Typical to the SVS subwoofer products, the SB-3000 is equipped with a Bluetooth feature to allow wireless control of the subwoofer using the SVS smartphone app, which can be downloaded for free and is available in iOS, Android, or Amazon operating systems. The convenience that this wireless control feature brings is tremendous. It allows you to adjust the subwoofer settings from your seat, eliminating the need to get up from your seat, walk to the subwoofer location, and reach the back panel of the subwoofer to perform the adjustments. This app is a must have to fully utilize the DSP functions of the subwoofer. Only limited subwoofer controls can be accessed from the rear panel (volume, phase, and crossover frequency). Some of the DSP adjustments, such as crossover slopes, parametric equalization, room gain compensation, and preset settings, can only be accessed using the app. I found the app’s user interface to be clear, logical, and easy to understand. I installed the app on two devices during the review: a Samsung Galaxy Note20 phone (Android) and an Apple iPad tablet (iOS). The app worked well on those two devices, although I noticed that the switching control between the subwoofers (if there are more than one subwoofer controllable using the app) was smoother and quicker on the iPad than on the Note20.

SVS Subwoofer app screenshots

Although the SVS app is quite comprehensive for controlling the subwoofer, it does not have a response measurement feature. The app does not access the device microphone to capture the response of the subwoofer to a certain test tone. Knowing the bass response characteristics prior to performing the room equalization is critical to achieve good overall bass results. In the SVS case, this needs to be done outside the app, for example, using third party calibration microphone and software. I might be asking too much, but it would be nice if SVS could implement the standard test-tone generator in the subwoofer and include a response measurement and analysis feature in the app. That would really make the app an all-in-one subwoofer response control and analysis software.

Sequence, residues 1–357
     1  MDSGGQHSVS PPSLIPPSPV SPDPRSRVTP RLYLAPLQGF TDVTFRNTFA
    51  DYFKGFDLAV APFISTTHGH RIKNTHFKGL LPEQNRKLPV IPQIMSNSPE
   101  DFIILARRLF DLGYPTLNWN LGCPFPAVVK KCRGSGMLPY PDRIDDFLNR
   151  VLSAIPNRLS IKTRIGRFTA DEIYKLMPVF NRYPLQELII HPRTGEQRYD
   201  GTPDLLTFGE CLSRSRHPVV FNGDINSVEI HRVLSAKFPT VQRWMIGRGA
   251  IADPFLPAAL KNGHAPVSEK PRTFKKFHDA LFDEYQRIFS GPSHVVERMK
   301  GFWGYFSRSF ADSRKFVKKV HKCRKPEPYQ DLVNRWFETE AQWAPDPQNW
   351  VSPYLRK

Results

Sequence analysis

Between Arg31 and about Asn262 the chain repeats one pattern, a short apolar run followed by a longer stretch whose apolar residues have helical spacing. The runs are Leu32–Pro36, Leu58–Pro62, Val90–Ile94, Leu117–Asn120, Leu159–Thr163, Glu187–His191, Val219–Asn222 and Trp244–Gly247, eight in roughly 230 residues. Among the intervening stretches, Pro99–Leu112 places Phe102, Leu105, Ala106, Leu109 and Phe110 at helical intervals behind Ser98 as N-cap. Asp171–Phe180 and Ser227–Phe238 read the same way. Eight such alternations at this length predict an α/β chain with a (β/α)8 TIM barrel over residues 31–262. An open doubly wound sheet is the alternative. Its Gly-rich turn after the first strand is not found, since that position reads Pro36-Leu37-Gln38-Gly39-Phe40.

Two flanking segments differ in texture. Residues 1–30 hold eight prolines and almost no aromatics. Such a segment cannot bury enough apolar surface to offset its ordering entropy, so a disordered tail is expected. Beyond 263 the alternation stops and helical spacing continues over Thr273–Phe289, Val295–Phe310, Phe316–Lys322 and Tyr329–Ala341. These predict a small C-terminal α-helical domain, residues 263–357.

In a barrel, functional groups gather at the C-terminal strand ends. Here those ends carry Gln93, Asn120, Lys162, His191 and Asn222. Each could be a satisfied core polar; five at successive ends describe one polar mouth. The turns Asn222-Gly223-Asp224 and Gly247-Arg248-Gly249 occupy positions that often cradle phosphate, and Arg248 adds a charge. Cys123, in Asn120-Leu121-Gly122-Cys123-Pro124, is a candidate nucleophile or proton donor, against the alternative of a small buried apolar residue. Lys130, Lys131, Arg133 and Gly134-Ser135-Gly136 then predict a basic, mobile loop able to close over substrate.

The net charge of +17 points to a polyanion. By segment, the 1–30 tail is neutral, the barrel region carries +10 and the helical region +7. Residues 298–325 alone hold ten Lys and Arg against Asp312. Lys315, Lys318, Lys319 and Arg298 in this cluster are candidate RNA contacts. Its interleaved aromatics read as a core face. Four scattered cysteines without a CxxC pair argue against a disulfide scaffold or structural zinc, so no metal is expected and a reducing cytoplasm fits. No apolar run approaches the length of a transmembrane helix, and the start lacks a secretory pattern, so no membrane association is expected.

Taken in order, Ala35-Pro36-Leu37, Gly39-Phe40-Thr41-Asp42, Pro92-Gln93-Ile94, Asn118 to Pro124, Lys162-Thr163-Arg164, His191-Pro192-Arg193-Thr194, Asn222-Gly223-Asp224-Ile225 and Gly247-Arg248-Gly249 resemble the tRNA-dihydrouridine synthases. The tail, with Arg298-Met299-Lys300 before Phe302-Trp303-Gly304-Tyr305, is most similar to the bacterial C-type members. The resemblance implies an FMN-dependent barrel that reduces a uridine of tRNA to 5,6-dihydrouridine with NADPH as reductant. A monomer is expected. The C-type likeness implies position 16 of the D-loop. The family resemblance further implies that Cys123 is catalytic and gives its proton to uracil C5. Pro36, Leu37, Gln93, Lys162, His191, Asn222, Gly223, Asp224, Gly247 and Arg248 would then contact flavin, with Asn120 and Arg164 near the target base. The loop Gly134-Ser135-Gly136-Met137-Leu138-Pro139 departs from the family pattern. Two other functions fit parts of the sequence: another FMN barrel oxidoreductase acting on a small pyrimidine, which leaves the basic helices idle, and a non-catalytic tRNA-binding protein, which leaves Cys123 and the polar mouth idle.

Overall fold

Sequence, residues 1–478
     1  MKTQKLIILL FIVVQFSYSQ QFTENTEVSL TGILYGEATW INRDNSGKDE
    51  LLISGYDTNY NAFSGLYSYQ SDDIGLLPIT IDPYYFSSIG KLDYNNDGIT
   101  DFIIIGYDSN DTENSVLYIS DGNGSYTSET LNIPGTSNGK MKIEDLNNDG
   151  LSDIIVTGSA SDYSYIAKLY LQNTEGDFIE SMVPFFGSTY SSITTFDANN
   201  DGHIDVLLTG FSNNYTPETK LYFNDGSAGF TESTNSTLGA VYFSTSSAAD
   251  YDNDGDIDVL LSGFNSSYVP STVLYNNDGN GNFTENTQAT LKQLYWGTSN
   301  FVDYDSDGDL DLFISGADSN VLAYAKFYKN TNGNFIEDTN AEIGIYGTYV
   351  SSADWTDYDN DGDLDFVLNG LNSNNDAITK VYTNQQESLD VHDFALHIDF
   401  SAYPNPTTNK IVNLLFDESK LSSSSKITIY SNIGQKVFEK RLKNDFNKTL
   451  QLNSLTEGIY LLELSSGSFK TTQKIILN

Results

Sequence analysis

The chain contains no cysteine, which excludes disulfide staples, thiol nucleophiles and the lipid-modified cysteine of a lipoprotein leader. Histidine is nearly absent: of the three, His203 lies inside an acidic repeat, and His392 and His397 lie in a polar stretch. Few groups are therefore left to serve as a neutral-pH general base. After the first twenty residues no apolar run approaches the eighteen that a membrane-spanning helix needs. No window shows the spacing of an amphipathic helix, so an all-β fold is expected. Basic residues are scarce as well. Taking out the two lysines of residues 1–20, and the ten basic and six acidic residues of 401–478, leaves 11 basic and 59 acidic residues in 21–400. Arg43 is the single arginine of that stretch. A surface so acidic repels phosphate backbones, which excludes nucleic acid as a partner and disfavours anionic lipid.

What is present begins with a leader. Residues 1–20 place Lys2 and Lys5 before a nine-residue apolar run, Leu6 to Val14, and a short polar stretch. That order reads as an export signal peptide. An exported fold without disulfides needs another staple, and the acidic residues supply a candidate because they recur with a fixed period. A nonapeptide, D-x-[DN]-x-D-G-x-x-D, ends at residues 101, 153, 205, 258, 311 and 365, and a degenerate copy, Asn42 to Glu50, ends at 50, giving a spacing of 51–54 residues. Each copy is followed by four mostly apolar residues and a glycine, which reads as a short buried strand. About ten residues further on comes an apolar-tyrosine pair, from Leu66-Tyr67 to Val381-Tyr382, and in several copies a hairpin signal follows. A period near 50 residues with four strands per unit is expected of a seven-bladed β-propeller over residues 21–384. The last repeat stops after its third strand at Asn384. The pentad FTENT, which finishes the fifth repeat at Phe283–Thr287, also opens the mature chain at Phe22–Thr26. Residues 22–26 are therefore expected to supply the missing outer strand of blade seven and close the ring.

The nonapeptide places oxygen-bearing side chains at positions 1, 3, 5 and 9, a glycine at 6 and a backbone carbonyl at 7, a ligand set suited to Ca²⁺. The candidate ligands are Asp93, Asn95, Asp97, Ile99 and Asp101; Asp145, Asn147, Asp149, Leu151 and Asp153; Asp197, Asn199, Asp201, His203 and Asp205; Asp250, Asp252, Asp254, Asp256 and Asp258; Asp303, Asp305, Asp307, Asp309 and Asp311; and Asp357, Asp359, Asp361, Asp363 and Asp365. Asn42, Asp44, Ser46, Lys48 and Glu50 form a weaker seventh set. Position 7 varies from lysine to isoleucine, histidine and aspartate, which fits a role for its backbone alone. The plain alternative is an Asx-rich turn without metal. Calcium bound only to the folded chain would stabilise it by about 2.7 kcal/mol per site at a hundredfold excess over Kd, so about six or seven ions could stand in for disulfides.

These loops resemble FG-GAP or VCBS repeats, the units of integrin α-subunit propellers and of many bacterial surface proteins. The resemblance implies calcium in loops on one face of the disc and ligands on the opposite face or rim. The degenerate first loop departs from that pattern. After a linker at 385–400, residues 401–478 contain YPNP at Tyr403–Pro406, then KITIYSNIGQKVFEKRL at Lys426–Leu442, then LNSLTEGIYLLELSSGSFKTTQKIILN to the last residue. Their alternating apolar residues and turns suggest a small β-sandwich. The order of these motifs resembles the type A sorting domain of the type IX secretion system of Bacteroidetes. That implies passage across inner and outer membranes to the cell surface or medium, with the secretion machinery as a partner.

Setup and In Use

After sufficient break in and before I calibrated the subwoofers, I did a quick close-miking nearfield measurement of the SB-3000 response (about 1 ft from the driver) using REW (Room EQ Wizard) software and a calibration microphone. As all these measurements were done in room, which measures 16 ft wide with a ceiling height of 9 ft and open to the other areas in the house, the effects of room interaction will still be there even in the close-miking situation. Typical playback volume level (not the maximum output level) was used for the measurement. The result for a single SB-3000 in LFE mode with other equalization turned off is shown in the figure below. The linearity of the frequency response of the SB-3000 is sufficiently good in the stated frequency range. There was a slight bump in the 50-150 Hz frequency range, which might be attributed to the room boundary interactions. This measurement also confirms the 18-270 Hz frequency response of the subwoofer as stated in the published specifications.

Close-miked (1 ft) frequency response of the SB-3000 in LFE mode

I also measured the effects of various adjustments and equalizations available in the subwoofer, similar to what I did with the SB-1000 Pro. I am glad to report that all these controls are effective and functions as they should in modifying the response outcome of the subwoofer.

The final set of measurements presented below were done at the listening position after I placed the two SB-3000 subwoofers in their final positions, which in this case was near the front corners of the listening room. The crossover of the subwoofers was set at 80 Hz. The frequency response that I obtained without any room compensation is as shown in the purple trace in the graph below. The two subwoofers produced useful frequency extension down to about 16 Hz or so, however, there were some noticeable peaks and valleys in the 30 – 80 Hz frequency range. This was exactly the situation where the 3-band parametric equalization (PEQ) feature of the SB-3000 came in handy. In this particular example, I used two-band equalization to lower the response peaks at 35 Hz and 70 Hz. As can be seen from the figure below (red trace), the use of the PEQ effectively smoothed the resulting bass response in the 30-80 Hz range at the listening position.

Comparison of dual subwoofers frequency responses with crossover @ 80 Hz at the listening position (10 ft away): without PEQ (purple) vs with negative boost PEQ @ 35 Hz and 70 Hz (red)

I started my critical listening of the SB-3000’s once they had been properly set up and calibrated. In stereo applications, I used the pair of SB-3000’s to complement the bass response of my Revel Ultima Studio tower speakers, whose response starts to roll off below 40 Hz in my room. For this purpose, the low-pass crossover of both SB-3000’s was set at 45 Hz with 90o phase and 24 dB/octave slope. A single-channel PEQ to suppress the 35-Hz bass peak was utilized. With these settings, the two SB-3000’s blended extremely well with the response of the Ultima Studios, indulging me with music in its complete full-range presentation. Needless to say, the SB-3000s performed their job convincingly in this regard. With their taut, articulate, and punchy bass, these subwoofers supplied a solid bass foundation for the program material, elevating the overall music listening experience. Moreover, the two SB-3000’s generated all this bass with effortless sense and with seemingly unlimited headroom.